What should be funded in pediatrics is a system that pays for services for all licensed mental health professionals and maternal/child nursing staff to achieve the prevention, early intervention and treatment goals.  To only fund psychiatry consultation is paying attention to the very top of the iceberg and ignoring everyone else. 


I seem to have killed the thread with my lengthy response, but for those who don't know me, I did run an ADHD specialty program at two major children's hospitals, was a senior consultant on mental health for Head Start at HHS (2003-2006) and was on the faculty of GWU Psychiatry Dept for 12 years and as the psychology internship director at Children's National Medical Center worked very closely with the child psychiatry fellowship directors, so I know very well how our professions are trained, and we all have strengths and weaknesses.   In my opinion both child psychiatrists and psychologist need more education in basic child development - we are way too pathology oriented. 

 From my read of the research literature and the conclusions of a a number of senior child psychiatrists who I greatly respect, my conclusion is that for ADHD symptoms in preschoolers, first basic parent training, if that is not sufficient then more intensive Parent Child Interaction Therapy - they have a national directory with a large number of therapists nationally.  I also recommend referral to the state IDEA Part C child find birth to three program, or the Part B IDEA for children over 4,  for an evaluation. many of the children who have these severe problems also have language delay which is not always apparent.  These children are entitled to services under the IDEA.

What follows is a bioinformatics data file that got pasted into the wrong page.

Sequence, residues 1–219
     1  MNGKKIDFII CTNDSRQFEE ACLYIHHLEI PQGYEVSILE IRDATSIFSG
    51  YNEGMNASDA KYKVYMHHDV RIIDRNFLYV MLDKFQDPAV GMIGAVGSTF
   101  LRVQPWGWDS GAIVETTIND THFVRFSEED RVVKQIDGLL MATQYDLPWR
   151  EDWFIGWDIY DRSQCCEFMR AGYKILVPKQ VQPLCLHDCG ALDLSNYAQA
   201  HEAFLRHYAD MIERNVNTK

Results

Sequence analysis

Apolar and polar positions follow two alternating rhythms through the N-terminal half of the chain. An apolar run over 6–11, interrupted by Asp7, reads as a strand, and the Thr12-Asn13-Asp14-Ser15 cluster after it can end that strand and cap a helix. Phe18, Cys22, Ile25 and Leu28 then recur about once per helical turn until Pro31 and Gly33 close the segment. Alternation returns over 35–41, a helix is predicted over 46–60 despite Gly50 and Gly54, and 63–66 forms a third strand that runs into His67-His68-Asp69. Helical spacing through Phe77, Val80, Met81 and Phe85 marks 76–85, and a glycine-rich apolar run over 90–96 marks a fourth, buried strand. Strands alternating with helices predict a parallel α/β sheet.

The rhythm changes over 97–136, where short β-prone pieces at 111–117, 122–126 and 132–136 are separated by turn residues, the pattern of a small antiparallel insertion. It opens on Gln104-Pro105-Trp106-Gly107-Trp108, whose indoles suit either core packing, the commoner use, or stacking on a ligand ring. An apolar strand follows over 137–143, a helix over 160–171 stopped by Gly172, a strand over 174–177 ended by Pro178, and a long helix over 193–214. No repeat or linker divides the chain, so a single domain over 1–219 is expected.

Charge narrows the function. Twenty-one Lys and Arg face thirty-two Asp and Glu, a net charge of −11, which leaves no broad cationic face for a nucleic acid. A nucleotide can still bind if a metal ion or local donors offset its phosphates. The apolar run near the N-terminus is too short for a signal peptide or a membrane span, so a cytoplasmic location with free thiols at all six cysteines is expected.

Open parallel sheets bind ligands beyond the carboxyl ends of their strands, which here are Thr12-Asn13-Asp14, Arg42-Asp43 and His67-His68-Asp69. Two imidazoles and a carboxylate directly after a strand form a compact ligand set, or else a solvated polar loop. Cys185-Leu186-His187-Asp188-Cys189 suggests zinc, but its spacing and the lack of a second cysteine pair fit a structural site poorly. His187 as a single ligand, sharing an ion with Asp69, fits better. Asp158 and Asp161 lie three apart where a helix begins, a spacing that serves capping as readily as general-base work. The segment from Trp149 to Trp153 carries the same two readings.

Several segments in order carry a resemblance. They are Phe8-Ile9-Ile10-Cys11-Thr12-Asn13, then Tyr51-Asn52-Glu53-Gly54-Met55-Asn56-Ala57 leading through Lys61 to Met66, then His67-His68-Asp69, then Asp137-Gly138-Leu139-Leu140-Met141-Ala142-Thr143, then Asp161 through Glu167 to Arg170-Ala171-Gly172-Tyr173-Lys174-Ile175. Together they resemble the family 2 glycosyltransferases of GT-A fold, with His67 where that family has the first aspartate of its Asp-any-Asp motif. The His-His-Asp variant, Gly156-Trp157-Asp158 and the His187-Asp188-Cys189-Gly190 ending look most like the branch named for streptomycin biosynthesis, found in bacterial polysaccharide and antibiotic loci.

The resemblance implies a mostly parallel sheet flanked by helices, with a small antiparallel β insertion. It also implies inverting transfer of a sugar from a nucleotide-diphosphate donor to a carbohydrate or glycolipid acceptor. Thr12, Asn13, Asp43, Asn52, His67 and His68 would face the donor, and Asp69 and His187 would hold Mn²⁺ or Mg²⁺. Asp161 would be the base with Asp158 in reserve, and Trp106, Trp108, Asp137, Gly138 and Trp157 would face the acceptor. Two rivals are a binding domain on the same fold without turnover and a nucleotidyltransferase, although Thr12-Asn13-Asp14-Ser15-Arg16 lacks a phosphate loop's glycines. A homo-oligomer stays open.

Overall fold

I see medication for this group as a last option, after you have exhausted therapy, a therapeutic Head Start or  preschool placement.  Yes there is some positive outcome, but the medicines have a high rate of side effects, and as already cited, no long term benefit.  Exhaust the other options first.



99484 - Payment for Other Models of Integrated Behavioral Health Services 

Care management services for behavioral health conditions, at least 20 minutes of clinical staff time per calendar month. Must include:

  • Initial assessment or follow-up monitoring, including use of applicable validated rating scales;

  • Behavioral health care planning in relation to behavioral/psychiatric health problems, including revision for patients who are not progressing or whose status changes;

  • Facilitating and coordinating treatment such as psychotherapy, pharmacotherapy, counseling and/or psychiatric consultation; and

  • Continuity of care with a designated member of the care team.